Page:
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Property tax bills likely to increase

April 26, 2005|by GREGORY T. SIMMONS

gregs@herald-mail.com

HAGERSTOWN - By the numbers, property values in the 400 block of Guilford Avenue are on the rise.

A typical residential block in Hagerstown, last fall's state property tax assessments increased the value of the homes by thousands of dollars even though many of them hadn't changed physically since the previous assessment three years earlier.

That change in value might be attractive to someone looking to sell a home on the block, but for others, it's a bust.

"We're retired and we're on a fixed income, and everything keeps going up and up, and the taxes, I don't even know how to say it. It's horrendous, really," said Jerry Moore, 73, a Guilford Avenue resident reached by telephone Monday afternoon.

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This year, the City of Hagerstown is planning to keep the property tax rate the same, but with assessments on the rise, property owners still will be paying more. The city's budget, under consideration, must be passed by the City Council on or before May 31.

Moore and his wife live in half of a duplex. According to state tax records, the house was valued $75,860 last year. After the assessment, it was valued at $82,963.

In city taxes alone, the bill on the Moores' house will increase from $605 to $662. If the city's tax rate stays the same through 2007, the city property tax bill in that year will be about $774 because the assessed value of the house is projected to be about $97,000, Moore said.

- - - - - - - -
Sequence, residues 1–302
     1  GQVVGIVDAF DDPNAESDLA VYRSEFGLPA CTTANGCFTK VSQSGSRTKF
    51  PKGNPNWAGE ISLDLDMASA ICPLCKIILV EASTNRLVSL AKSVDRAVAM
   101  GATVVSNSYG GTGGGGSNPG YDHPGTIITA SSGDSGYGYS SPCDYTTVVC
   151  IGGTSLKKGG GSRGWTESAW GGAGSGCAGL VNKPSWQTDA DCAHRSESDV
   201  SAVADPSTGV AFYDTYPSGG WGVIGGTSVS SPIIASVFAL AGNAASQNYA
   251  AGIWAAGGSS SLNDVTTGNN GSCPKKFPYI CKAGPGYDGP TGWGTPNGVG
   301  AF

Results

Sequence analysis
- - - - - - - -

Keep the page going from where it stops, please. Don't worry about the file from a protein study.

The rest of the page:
According to city projections, the total assessed value of all real estate in city limits is about $1.63 billion. Last year's total city property assessment was slightly more than $1.51 billion.

The amount of property taxes the city is expecting to collect from the new assessments is about $13 million at the current tax rate, which is 78.9 cents per $100 of assessed property value.

City Finance Director Alfred Martin said on Monday that the current budget proposal reflects the position that the city wants to catch up on projects that had been put off in earlier, leaner years.

Martin also said "there's increased cost of running city government," including inflation in items like fuel and wages.

For the city to bring in the same amount of money it did last year, it would have to institute a tax rate of 74.2 cents per $100 of assessed value.

The City Council is beginning a more rigorous meeting schedule this week to consider the city's $107.7 million proposed budget. The tax rate discussion will be one of the things on the agenda during those meetings, council members said.

Councilman Lewis C. Metzner said "lowering (the tax rate) certainly would be an objective" over the next few weeks.

Councilman Kristin B. Aleshire said one of his primary goals this budget season is to bring the tax rate back to the 2003-04 fiscal year's rate of 78.3 cents per $100 of assessed property value.

"I don't want to see it go up any more," Councilwoman Carol N. Moller said. "It's nice if it could go down."

Councilman N. Linn Hendershot said that while he wants to help senior citizens who live on fixed incomes find ways to shave living costs, right now "I'd like to see (the tax rate) stay the same."

He said some problems with reducing the tax rate are unanswered questions about how the city's budget will look in six months. The county soon will be drafting a new excise tax and the size of some state money transfers is not yet known, Hendershot said.

Councilwoman Penny M. Nigh said she won't know what position she'll take on the tax rate until further budget discussions have taken place.

Moore, the Guilford Avenue resident, said he works part time at a local funeral home. But if his property tax bills continue to rise much more, "it means I better have some money or I'll be in trouble. ... We'll have to give up something else. ... I might have to go get a job."

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